Auburn University researchers have published a new hypothesis that could provide the foundation for new scientific studies looking into the association of habitat loss and the global emergence of infectious diseases.
They present their research in the paper, “The Coevolution Effect as a Driver of Spillover,” in the latest issue of the scientific journal, Trends in Parasitology.
“We provide a new perspective about how habitat loss can facilitate the emergence of infectious diseases in humans,” said Sarah Zohdy, assistant professor in the School of Forestry and Wildlife Sciences and the College of Veterinary Medicine, who coauthored the study with Tonia Schwartz and Jamie Oaks, assistant professors in the Department of Biological Sciences in the College of Sciences and Mathematics.
Globally, scientists believe habitat loss is associated with emerging infectious diseases, or EIDs, spreading from wildlife to humans, such as Ebola, West Nile virus, SARS, Marburg virus and others.
The Auburn team developed a new hypothesis, the coevolution effect, which is rooted in ecology and evolutionary biology, to explain the underlying mechanisms that drive this association.
Schwartz said the team integrated ideas from multiple aspects of biology, including disease ecology, evolutionary biology and landscape genetics, to develop the new hypothesis on why diseases are more likely to spill over from wildlife to humans in deforested habitats.
“We provide a testable hypothesis that we hope other researchers will try to test with their data, as we will be doing,” Schwartz said. “Whether or not these studies fully support this new hypothesis, we anticipate it will provide a new perspective that other researchers in this field can use and build on, to ultimately push this field forward to understand disease spillover and prevent it.”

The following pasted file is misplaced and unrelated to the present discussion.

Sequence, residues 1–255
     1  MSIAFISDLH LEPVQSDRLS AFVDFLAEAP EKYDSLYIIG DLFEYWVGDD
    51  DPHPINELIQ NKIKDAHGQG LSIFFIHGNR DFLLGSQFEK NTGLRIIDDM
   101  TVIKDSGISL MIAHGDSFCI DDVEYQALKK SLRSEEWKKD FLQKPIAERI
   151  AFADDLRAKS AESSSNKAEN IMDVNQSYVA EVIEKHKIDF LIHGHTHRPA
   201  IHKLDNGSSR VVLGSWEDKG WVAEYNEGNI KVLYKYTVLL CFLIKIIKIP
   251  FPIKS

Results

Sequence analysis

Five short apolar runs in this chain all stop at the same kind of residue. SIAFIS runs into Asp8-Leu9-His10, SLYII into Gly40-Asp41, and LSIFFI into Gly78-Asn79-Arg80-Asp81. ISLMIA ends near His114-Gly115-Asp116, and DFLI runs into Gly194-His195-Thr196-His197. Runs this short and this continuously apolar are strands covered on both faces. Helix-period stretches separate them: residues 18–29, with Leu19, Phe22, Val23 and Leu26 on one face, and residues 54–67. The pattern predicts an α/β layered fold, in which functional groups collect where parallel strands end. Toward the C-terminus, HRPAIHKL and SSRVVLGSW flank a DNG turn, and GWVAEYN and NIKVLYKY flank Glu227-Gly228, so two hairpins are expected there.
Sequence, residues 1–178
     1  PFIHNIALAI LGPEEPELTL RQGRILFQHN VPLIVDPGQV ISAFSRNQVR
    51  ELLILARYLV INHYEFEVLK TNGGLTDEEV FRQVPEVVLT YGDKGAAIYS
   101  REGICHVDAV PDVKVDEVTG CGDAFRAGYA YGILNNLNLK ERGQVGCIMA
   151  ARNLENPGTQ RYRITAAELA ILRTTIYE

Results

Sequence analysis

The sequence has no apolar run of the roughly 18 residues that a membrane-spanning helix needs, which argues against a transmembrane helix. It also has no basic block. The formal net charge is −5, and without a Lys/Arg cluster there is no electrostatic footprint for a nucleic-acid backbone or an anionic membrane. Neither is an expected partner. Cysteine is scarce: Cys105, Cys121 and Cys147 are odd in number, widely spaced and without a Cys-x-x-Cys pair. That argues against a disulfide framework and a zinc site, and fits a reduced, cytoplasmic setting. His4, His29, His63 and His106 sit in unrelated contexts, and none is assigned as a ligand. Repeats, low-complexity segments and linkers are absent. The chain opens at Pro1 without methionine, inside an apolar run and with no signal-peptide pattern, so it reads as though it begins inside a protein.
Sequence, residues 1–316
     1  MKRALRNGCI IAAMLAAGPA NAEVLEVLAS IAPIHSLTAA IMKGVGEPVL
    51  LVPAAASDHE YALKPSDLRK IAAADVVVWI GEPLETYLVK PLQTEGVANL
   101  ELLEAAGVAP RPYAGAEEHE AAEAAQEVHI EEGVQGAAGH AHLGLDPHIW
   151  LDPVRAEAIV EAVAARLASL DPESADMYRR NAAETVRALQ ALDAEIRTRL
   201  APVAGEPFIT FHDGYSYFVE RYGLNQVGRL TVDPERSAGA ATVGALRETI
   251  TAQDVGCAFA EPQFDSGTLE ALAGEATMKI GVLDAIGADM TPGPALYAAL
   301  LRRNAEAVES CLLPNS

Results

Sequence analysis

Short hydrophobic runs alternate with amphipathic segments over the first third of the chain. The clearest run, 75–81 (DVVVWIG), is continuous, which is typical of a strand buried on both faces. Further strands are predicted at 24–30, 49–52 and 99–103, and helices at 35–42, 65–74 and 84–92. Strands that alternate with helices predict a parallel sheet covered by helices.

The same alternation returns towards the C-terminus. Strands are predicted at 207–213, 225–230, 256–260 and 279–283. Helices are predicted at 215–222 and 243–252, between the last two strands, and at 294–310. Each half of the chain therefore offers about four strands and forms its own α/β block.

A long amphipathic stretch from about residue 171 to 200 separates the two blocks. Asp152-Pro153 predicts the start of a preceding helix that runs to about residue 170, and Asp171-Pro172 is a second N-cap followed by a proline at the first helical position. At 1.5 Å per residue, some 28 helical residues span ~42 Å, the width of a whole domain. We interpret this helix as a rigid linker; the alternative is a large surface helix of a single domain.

The field of disease ecology is heavily based on a hypothesis known as the dilution effect, which was released at the turn of this century.
It is essentially the idea that biodiversity conservation can protect humans from emerging infectious diseases.
Zohdy said the dilution effect highlights the critical role that wildlife conservation can play in protecting human health and has transformed the understanding of zoonotic infectious diseases.
However, until now, even after a wealth of research in the past few decades has explored that hypothesis and found associations between the loss of biodiversity and EIDs, there has been no explanation for where the microbes that cause EIDs come from and how they get to humans.
“Through our hypothesis, we propose that as humans alter the landscape through habitat loss, forest fragments act as islands, and the wildlife hosts and disease-causing microbes that live within them undergo rapid diversification,” Zohdy said
“Across a fragmented landscape we would then see an increase in diversity of disease-causing microbes, increasing the probability that any one of these microbes may spill over into human populations, leading to outbreaks.”
Oaks said he is encouraged that the research will impact the way these problems are perceived.
“Our paper introduces an evolutionary mechanism to explain the association between habitat fragmentation and disease spillover into human populations, which we hope will complement the ecological perspectives on this global health challenge,” he said.
School of Forestry and Wildlife Sciences Dean Janaki Alavalapati said the paper’s findings are compelling.
“Dr. Zohdy and her fellow researchers provide noteworthy insights in the field of emerging infectious diseases and the driving forces behind them,” Alavalapati said. “Their findings could result in a significant shift in the way the origins of these diseases are perceived.”